Just as the dust begins to settle over Intel's Nehalem launch, AMD is in party pooper mode. At it's 10th anniversary party, AMD said it was bringing forward the launch of its 6-core Opteron codename Istanbul, to June. And as of today, the product is in the hands of OEM such as HP and Tyan who have also announced product around the Istanbul core.
Server consolidation and virtualisation are all about resources. Initially, the focus was on getting more out of existing hardware but as IT departments face a bleak two years of serious financial constraint, any purchases must provide significant headroom for the future as well as improve the consolidation of IT today.
Even those who have not yet decided to virtualise their servers are now looking at it. According to IDC, in 2009 virtual servers will outgrow physical server by 10%. In 2010 virtual server growth will outgrow physical servers by 20%. But for that to happen, servers need to be able to support dense virtualisation through server cores, memory support and I/O. It is against this backdrop that AMD has launched Istanbul, the first 6-core x64 processor.
At the launch briefing Pat Patla, VP & General Manager Server/Workstation Division, AMD talked about how AMD sees the number of cores per processor as being targeted at different segments. "We differentiate and set a strategy on usage based platforms and key workloads. Where performance is king then customers want to maximise more cores and will want the six-core processors. The quad-core AMD Opteron processor is the answer for the dense cloud computing space."
For the first release of Istanbul this is important. AMD will not be releasing all the usual variations on its processor family. The HE, SE and EE (all lower power models) will not be available until Q3/2009. As a result, the initial target is for the power customer but Patla was quick to point out that processor power does not high energy costs.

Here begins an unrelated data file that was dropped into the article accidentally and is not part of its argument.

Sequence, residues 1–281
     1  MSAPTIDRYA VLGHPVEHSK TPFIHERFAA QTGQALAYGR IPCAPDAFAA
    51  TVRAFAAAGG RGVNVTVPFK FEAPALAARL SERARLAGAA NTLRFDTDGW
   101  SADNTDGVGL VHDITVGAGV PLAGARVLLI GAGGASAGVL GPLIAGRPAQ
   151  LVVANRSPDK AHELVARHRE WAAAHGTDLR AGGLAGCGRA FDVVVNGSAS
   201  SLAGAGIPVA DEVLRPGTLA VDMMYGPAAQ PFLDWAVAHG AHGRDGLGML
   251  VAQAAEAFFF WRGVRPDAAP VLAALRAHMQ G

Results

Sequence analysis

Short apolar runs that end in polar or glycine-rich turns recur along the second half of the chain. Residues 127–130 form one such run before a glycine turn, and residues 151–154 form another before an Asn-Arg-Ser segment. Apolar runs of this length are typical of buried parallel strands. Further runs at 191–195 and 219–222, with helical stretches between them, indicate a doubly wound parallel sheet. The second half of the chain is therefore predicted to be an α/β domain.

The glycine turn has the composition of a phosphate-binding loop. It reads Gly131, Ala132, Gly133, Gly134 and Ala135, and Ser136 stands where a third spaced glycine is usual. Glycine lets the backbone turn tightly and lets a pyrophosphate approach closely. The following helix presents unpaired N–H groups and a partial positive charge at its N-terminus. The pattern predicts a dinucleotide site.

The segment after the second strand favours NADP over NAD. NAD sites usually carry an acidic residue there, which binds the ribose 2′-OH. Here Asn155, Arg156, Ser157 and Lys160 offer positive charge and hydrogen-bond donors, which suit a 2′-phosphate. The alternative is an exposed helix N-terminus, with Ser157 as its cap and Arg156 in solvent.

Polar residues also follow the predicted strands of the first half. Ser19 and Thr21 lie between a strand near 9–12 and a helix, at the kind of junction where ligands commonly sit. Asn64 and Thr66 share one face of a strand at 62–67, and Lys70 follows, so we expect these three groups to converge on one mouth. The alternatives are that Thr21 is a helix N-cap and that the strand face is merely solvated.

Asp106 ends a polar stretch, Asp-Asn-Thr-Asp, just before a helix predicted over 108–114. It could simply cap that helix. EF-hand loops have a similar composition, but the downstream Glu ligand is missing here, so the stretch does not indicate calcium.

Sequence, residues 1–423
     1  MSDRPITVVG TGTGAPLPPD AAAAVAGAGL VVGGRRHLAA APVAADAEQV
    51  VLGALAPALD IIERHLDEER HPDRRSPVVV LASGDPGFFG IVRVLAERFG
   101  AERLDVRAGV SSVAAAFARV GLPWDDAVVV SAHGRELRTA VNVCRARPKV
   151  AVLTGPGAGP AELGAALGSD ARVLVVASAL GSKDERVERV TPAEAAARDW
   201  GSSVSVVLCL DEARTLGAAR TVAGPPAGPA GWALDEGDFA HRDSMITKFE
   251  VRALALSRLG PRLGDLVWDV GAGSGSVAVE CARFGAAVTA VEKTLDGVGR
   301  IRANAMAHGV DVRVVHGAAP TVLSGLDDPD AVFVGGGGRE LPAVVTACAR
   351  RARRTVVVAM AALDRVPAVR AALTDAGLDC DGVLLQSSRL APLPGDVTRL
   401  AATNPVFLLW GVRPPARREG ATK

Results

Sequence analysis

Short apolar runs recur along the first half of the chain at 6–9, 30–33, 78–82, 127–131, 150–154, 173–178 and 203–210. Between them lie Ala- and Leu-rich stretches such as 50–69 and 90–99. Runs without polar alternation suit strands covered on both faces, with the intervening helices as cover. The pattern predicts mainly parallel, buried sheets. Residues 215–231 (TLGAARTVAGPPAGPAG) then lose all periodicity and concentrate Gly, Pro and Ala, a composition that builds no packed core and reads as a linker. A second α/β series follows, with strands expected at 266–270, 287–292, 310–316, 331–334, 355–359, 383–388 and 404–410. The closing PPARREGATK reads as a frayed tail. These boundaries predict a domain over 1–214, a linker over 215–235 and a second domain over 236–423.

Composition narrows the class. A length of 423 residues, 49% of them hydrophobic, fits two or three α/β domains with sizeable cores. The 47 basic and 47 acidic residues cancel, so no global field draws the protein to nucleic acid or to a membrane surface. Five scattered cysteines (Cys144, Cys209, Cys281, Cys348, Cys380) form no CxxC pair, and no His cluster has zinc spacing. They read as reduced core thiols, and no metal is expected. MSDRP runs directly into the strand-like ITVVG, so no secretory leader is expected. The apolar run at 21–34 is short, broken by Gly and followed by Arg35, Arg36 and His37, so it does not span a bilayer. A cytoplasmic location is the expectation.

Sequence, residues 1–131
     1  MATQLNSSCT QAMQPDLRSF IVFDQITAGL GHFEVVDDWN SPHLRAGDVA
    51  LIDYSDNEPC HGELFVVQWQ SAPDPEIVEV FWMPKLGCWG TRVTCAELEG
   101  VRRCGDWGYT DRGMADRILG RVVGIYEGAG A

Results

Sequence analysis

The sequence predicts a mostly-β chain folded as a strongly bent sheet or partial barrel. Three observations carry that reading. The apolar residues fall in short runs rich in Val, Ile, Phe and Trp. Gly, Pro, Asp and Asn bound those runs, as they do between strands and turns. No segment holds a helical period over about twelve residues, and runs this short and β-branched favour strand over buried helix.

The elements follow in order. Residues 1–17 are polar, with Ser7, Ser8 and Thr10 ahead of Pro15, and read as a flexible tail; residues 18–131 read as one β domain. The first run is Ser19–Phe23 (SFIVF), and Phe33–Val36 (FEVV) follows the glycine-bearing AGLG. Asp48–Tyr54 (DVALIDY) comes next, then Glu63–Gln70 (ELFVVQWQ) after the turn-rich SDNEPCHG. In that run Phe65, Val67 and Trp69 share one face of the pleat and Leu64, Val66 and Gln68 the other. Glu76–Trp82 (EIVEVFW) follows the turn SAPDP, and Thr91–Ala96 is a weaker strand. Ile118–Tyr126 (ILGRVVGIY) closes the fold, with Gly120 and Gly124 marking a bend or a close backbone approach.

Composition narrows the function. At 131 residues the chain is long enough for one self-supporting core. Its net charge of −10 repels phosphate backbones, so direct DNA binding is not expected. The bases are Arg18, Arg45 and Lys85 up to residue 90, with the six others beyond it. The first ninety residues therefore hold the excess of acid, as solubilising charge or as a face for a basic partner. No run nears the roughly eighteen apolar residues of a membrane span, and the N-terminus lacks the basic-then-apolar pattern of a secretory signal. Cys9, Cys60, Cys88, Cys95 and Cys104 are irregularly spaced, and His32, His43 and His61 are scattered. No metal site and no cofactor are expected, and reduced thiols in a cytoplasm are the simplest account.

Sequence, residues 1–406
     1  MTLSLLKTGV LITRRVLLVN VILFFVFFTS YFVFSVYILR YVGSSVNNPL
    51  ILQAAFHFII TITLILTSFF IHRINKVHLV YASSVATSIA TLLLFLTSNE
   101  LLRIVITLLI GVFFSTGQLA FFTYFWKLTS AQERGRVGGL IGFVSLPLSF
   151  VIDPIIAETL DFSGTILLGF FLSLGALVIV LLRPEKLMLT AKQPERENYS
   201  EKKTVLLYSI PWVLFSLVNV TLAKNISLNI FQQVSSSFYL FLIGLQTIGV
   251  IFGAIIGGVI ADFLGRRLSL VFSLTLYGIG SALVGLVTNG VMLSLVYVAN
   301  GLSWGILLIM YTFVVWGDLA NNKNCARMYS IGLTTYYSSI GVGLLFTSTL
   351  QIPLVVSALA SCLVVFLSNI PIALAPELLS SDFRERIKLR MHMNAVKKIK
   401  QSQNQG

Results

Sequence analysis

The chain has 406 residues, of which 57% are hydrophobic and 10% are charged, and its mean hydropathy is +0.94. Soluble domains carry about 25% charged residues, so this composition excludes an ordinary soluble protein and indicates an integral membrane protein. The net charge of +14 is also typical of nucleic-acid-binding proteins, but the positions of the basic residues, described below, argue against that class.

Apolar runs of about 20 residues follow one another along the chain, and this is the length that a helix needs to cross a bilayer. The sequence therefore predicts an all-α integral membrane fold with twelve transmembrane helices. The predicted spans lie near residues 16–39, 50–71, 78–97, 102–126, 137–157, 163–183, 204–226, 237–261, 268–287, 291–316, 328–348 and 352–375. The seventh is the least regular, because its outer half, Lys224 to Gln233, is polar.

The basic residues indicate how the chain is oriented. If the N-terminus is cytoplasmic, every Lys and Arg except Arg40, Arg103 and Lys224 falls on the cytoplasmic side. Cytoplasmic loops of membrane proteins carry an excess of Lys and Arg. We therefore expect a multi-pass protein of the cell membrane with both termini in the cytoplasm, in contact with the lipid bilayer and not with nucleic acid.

"We are the only six-core processor with Direct Connect Architecture (DCA) for 2P, 4P and 8P platforms" said Patla. In the tests conducted by AMD and its partners, we are able to get 30% more performance per watt in the same socket as our existing processors."
With Istanbul, AMD has introduced new technology inside the processor and the platform to improve performance. One of these features is HT (HyperTransport) Assist. At present, when you have multiple Opteron CPU's, a processor looking for memory uses a broadcast mechanism to see where the data is stored. With HT Assist turned on, it logs where the data is stored. This is done using 1Mb of each CPU's L3 cache as a directory of where the cache lines being used by that CPU are actually stored.
When allied with the new HyperTransport 3, high speed bus, Amd is claiming that it can now execute 10 transactions where it would have previously been possible to just execute 2 transactions. This improvement, according to Patla, is particularly evident when you are using 4P and 8P platforms and will especially appeal to those customers doing HPC, DV and Virtualisation.
There are two other key technologies inside Istanbul. AMD-V which is the virtualisation suite and AMD-P which is the power management suite.
AMD-V is a small set of technologies that have been developed to work with heavily virtualised environments. One area where AMD has invested a lot of time and effort in its virtualisation suite has been the support of Live Migration as part of AMD-V.
AMD-P consists of several different technologies such as Enhanced AND PowerNow! This allows each processor core to adjust the speed at which it runs depending on application demand. One result of this is that you are not wasting power on unused cores that are sitting idle. Another technology along side PowerNow is CoolCore which then cuts power to unused transistor areas.